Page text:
"Your needs start to diminish in importance. Your calendar has appointments, but not for you"

“I became a carer by stealth. As Mum and Dad got older, their fibs to the doctor became more significant, so I started to accompany them to GP appointments. Dad was happy to not have to drive as much, and that’s how it began.

We got Powers of Attorney in place, and for a while, everything was fine. Then Dad was diagnosed with vascular dementia, and a couple of years later, so was Mum. I took strength from advice the GP gave me – “You don’t have to be the provider of care, but you do have to be the facilitator of care”. Meaning, prepare to knock on doors, call, research, call again, know your rights and keep asking for support. “Facilitator”. I liked that title. But even that took a toll and takes time. I was made redundant, and to cut a long story short…et voila, an unpaid carer.

Your needs start to diminish in importance. Your calendar has appointments, but not for you. You stop making arrangements with friends, because you cancel so often, it’s just another source of stress. Your home becomes a place of work for district nurses and carers, who would walk into our home without knocking. I even made a sign, stuck it to the front door – “Please ring bell before coming in”, but it would be ignored.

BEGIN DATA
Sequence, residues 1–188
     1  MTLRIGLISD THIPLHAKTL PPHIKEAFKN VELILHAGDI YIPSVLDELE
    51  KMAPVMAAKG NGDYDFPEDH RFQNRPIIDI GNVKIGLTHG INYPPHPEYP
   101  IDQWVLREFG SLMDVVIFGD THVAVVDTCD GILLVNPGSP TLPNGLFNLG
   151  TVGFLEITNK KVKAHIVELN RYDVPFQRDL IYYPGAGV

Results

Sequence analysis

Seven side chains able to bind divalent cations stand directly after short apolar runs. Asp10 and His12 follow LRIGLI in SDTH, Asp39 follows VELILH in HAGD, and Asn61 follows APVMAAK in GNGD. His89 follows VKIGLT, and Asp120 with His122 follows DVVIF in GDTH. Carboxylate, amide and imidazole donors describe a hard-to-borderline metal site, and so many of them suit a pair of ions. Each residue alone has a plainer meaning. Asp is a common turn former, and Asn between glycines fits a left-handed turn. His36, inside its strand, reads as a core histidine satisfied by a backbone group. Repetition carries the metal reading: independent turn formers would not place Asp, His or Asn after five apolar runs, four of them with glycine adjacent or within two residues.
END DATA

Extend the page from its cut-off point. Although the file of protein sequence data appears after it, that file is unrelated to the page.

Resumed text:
I’ve seen acute kindness, and thoughtless cruelty. Now I have an intolerance of time wasters and meanness, but sometimes I’m laid back to the point of numbness. Thankfully I have good support from friends, my brother and his wife. My nephew and nieces are a joy. My dog is my sanity.

I’ve always been pretty resilient, but it’s been a tough few years. Mum died a few weeks ago, my sister and my dad have died, too.  During this time, I became a trustee of Dementia Friendly Prestwick, because I realised not everyone has someone to champion their needs.”

 

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